The internet was aflame this week with comments criticizing a Tampa charter boat captain after drone video surfaced showing him scrape a manatee’s back with a fishing pole while taking clients to fish near Weedon Island.
The internet onslaught has been so bad, David Beede said, he’s now getting death threats. Beede told the Tampa Bay Times he thought he was helping the manatee. The video, he said, doesn’t show the whole story.
“I thought I was helping,” Beede told the Times in a phone interview. “Now I’m hearing people saying death threats."
Edited video captured by a drone last week was originally taken by and posted to the Facebook page of See Through Canoe, a local watercraft manufacturer, on Sunday. The 39-second video begins over top of the 26-foot center console boat Beede uses for his company, Shallow Point Fishing Charters, as the boat approaches an aggregation of manatees. A few seconds in, the video cuts to show Beede, seen in a red jacket, standing with four other people at the bow of the boat, its engine off, as more than a dozen manatees surround it.
As the video zooms closer on the boat, manatees continue to swim around and under. About 20 seconds in, Beede grabs a fishing pole as one swims past, toward the boat’s stern. He rubs its back a few times with the pole, startling it and sending it diving below. A manatee on the opposite side of the boat flip its tail, splashing the boat as the entire aggregation flees.
Beede puts down the pole, turns to a man wearing a black jacket and bucket hat, taps him on the shoulder and gives him a high-five.
“There was an aggregate of manatees, and the clients said they want to see them,” Beede told the Times. “I said, ‘no problem.’ I turned off the engine and floated in. There was one that had a white spot, and I scraped it with a very weak fishing pole. It’s a trout fishing rod. ”
Beede said he saw what looked like a white tag on the manatee’s back about 6 to 9 inches long and thought it might’ve been a leech or worm.
“I’ve just honestly never seen anything like it, and I was most interested in what it was,” he said. “I reached out to see what it was, and that’s what happened.”
The Florida Manatee is classified as a threatened species and given federal protection under the Marine Mammal Protection Act of 1972 and Endangered Species Act of 1973, which, according to the Fish and Wildlife website, “makes it illegal to harass, hunt, capture or kill any marine mammal.” It also receives protection locally under the Florida Manatee Sanctuary Act of 1978. That act makes it illegal “for any person, at any time, intentionally or negligently, to annoy, molest, harass, or disturb any manatee."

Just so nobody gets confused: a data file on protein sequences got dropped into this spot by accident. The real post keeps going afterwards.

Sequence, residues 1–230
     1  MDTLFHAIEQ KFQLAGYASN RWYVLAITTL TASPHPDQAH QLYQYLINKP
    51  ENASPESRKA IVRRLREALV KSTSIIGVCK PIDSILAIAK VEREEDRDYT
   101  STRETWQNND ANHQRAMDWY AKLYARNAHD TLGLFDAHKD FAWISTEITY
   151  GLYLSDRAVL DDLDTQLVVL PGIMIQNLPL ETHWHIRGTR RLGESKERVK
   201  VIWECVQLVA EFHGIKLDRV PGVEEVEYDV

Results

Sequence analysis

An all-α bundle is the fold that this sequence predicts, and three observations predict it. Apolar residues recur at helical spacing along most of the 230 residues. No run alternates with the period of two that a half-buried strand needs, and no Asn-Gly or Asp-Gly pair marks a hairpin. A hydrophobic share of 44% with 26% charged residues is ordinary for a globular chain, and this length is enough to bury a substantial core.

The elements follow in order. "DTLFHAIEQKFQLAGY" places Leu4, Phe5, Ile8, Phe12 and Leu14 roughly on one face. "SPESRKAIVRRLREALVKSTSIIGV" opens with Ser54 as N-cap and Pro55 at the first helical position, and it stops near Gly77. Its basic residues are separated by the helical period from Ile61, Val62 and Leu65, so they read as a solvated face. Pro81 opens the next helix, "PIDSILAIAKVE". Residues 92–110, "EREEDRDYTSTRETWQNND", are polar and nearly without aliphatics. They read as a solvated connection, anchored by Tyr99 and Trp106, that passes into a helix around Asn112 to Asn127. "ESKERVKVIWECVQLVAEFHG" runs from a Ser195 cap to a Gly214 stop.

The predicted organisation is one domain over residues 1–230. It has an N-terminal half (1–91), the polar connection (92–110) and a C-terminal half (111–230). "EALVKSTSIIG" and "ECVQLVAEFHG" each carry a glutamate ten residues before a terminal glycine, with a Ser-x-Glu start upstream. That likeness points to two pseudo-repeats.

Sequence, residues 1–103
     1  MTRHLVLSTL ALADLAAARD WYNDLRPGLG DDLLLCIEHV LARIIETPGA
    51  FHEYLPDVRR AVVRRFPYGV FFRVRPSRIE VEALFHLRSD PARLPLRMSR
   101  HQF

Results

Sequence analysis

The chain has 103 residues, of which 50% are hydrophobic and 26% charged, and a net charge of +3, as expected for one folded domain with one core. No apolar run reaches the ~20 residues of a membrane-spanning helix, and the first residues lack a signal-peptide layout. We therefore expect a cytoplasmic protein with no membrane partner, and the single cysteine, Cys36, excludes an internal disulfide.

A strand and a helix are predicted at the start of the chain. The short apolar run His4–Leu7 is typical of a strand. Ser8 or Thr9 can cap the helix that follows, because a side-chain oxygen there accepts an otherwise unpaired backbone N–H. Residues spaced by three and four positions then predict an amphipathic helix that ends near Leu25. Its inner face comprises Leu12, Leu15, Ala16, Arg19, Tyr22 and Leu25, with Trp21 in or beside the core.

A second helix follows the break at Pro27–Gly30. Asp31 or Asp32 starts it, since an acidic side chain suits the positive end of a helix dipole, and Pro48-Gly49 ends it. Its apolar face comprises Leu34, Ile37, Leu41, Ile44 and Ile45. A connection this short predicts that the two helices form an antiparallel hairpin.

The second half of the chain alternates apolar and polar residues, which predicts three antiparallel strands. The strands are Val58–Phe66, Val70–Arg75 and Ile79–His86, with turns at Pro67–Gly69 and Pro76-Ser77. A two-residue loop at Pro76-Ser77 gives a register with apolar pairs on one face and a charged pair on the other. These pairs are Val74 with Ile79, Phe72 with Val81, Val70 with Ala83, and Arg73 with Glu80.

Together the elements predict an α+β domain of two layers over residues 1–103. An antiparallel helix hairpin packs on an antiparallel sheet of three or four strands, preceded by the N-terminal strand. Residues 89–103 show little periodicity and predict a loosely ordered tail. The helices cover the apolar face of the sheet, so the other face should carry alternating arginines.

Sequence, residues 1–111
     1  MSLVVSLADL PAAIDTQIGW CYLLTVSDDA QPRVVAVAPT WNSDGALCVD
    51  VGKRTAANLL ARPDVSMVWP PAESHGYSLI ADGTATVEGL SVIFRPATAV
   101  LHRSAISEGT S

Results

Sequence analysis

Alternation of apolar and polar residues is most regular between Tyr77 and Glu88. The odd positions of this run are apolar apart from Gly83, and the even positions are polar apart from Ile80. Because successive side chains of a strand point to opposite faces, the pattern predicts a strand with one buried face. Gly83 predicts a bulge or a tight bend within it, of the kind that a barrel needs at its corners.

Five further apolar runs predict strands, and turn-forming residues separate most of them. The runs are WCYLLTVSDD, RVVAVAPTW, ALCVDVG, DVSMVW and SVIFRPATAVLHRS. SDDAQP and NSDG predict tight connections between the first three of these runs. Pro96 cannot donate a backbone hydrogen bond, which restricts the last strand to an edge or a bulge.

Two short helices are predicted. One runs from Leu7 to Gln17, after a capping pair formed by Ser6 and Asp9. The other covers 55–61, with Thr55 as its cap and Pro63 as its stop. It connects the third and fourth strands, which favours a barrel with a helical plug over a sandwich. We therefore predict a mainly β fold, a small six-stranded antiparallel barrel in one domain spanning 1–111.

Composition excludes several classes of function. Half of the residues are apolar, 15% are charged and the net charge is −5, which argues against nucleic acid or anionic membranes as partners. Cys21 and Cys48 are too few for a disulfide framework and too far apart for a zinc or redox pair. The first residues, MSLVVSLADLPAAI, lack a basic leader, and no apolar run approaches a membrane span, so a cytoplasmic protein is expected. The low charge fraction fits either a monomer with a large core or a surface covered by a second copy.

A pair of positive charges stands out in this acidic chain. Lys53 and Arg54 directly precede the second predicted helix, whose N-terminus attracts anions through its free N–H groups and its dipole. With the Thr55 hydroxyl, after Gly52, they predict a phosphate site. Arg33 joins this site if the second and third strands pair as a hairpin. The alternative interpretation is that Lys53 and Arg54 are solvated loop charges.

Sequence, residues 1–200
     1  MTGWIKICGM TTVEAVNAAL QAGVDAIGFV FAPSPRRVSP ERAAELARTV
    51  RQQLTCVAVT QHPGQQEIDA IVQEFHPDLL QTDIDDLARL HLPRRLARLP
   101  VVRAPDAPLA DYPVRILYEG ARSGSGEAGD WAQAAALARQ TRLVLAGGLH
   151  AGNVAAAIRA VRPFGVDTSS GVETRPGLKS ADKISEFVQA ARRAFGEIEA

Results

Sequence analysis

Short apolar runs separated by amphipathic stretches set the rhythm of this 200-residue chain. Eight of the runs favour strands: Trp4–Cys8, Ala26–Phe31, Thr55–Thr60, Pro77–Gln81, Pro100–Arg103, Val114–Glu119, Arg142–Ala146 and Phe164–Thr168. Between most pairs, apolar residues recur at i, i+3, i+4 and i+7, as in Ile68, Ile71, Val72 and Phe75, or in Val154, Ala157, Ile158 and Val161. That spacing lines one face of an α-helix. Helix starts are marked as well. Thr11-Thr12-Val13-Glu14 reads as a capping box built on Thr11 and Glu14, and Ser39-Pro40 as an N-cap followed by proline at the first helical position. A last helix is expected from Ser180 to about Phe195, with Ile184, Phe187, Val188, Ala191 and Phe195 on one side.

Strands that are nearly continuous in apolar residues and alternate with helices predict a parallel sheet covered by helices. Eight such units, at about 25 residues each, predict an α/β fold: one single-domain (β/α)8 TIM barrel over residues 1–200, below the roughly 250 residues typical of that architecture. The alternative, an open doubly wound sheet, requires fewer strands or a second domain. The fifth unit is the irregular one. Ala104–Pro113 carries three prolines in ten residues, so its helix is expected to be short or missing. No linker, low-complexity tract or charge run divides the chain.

See Through Canoe thinks Beede should’ve known better.
“He should have known that if he was concerned about a manatee, he should call FWC, pretty much everyone knows that,” the company wrote in a comment to the video post. “And a boat captain should definitely know that.”
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While a few commenters came to Beede’s defense, most harshly criticized him, with many calling for his license or worse.
“Unfortunately, legality doesn’t stop soulless garbage from doing its thing,” Sydney Feldspar wrote. “It would require a sense of humility, empathy and honesty which these cretins do not possess.”
Beede said those judging him are hypocrites, even See Through Canoe, which also operates a company that rents kayaks in the same area where Beede touched the manatee.
Beede said manatee are often seen in the area, which he’s been taking charters to since starting Shallow Point in 2004. Kayakers and people hanging off docks, he said, often touch manatees with poles and paddles.
“Hundreds of boats and people are swimming with them everyday,” he said. “I’m not out there trying to hurt animals. This is not something that is me.”
Florida Fish and Wildlife confirmed that it is investigating the incident but couldn’t offer information as the investigation is ongoing.
Representatives from See Through Canoe did not respond to multiple requests for comment.
It’s not the first time Florida wildlife has been the subject of widespread attention because of human involvement. In 2012, St. Petersburg woman Ana Gloria Garcia Gutierrez was arrested after she was photographed riding on a manatee’s back at Fort De Soto Beach. And last year, Clearwater attorney Thomas Cope found himself the subject of internet ire after video surfaced of him shooing a raccoon off a boat in open water.